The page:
Kids in their mid-teens are often difficult to love, even if they're your own. So hats off to the teachers at Sydney's Bradfield College, who every day face up to roomfuls of troubled teens, determined to teach them something and maybe even improve their lives. Based on a Swedish format of the same name, this factual series has been in the pipeline for Channel Ten for years now and it's great to finally see it make the light of day. In the style of Jamie's Kitchen or even Choir of Hard Knocks - but even less confected - it follows a group of disenfranchised youths through 12 months at the college as they give the book learnin' one last chance. These are kids with no tolerance for boundaries, but who desperately need them, and seeing the different ways teachers reach out to them is inspiring. This is also about the kids, of course, and already some fascinating characters are emerging.


Wednesday, 7.30pm, Discovery  ★★★★

'That's part of what being a man is all about.'' So opens season eight of Deadliest Catch, one of the most influential reality shows produced this century. What began as a pretty rough 'n' ready high-seas adventure - badly shot on trembling handycam, accompanied by unintelligible audio - has evolved into something altogether more lush, glossy and meaningful. The big overhead shots of the boats in harbour, or pitching wildly in the Bering Sea, are truly spectacular. Even the footage on board is rich in colour and sharply lit. These days, it's a real eyeful. But what's cemented DC in popular culture is all the other things it's become. A family saga, for one thing. We've followed the illness and death of Captain Phil, the fortunes of his sons, and new generations of captains coming up through the ranks. Over the years, it's also stood as a microcosm of the US economy, rising and falling on waves of prosperity and troughs of want, and starkly vulnerable to environmental impacts, too. (The bad news that opens this season is the halving of the red crab quota.) Most compellingly, it's a study in a particular kind of masculinity, one that's almost extinct. A world of beards and brawn, beer and cigarettes, foul language and boisterous hazing, but also of real brotherhood. Fiercely competitive but also communal, this is high-risk, high-stakes and perilously hard work, and it's that human, sociological story that has made Deadliest Catch such a phenomenon, something many other series have tried to emulate but few have matched.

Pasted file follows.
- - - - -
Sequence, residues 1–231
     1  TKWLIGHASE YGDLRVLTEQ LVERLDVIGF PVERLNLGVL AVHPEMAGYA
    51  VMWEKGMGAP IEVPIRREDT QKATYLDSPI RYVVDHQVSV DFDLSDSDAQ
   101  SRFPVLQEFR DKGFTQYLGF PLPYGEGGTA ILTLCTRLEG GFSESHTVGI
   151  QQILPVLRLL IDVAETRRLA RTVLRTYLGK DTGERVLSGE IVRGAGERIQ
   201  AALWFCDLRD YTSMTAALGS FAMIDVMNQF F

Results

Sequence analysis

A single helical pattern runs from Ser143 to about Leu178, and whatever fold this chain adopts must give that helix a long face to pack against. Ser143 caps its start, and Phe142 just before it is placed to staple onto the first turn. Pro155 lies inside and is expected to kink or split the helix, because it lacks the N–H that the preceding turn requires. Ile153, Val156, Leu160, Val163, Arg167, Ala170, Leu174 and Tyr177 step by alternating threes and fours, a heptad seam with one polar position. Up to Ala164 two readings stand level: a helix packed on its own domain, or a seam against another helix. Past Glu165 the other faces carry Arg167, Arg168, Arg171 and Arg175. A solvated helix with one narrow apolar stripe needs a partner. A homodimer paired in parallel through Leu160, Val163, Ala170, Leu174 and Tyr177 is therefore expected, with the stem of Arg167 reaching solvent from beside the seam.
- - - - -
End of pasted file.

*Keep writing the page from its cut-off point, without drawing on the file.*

Monday, 8.30pm, Home & Health  ★★★

Is there anything more joyous than saving money? These ebullient housewives certainly don't think so, as they devote their lives to clipping discount coupons from junk mail, magazines, newspapers and shopping receipts. It seems you need to be something of a maths whiz to pull it off. You also need storage facilities to rival the doomsday preppers. And I'm not sure quite how willing your local supermarket would be to honour this kind of extreme use of coupons if the cameras weren't on them. But it's undoubtedly fun to watch as one woman caters her sister's wedding for a pittance (thanks to coupons), and sisters Shavon and Mandy engage in a bit of competitive couponing. Just don't let yourself get stuck behind one of these ladies at the checkout.

Wednesday, 9.30am, Nick Jr  ★★★☆

If the small people in your household have been inspired by the Olympic Games - or even if the whole brouhaha has passed them by entirely - they'll get a lot of fun from this special edition of Dora. As is the way of things, just as Dora and Boots are preparing to strut their stuff on the mat, the balance beam and the trampoline, that pesky Swiper ups and takes off with Dora's special rainbow-coloured ribbon, an essential piece of equipment for any budding gymnast. Off they go to track it down with the help of Map (and you at home), employing a variety of gymnastic moves along the way. Add some songs, some basic number skills and, of course, some basic Spanish, and you have a classic Dora package that lets us all exclaim at the end: ''We did it!''

Thursday, 8.30pm, Comedy  ★★★

Most of the filmed sketches are pretty lame but the live stand-up by US comics Keegan-Michael Key and Jordan Peele delivers some real moments. A lot of the routines revolve around race and if they lack the bite of, say, Chris Rock, they also manage to avoid the obvious targets. While Key and Peele occasionally pose as boyz from the hood, they are clearly anything but, and it's their intelligence - along with an obvious fondness between them - that makes this fun. Definitely hit and miss, but there are more hits than misses.

This story Critic's choice: the week ahead in TV first appeared on The Sydney Morning Herald.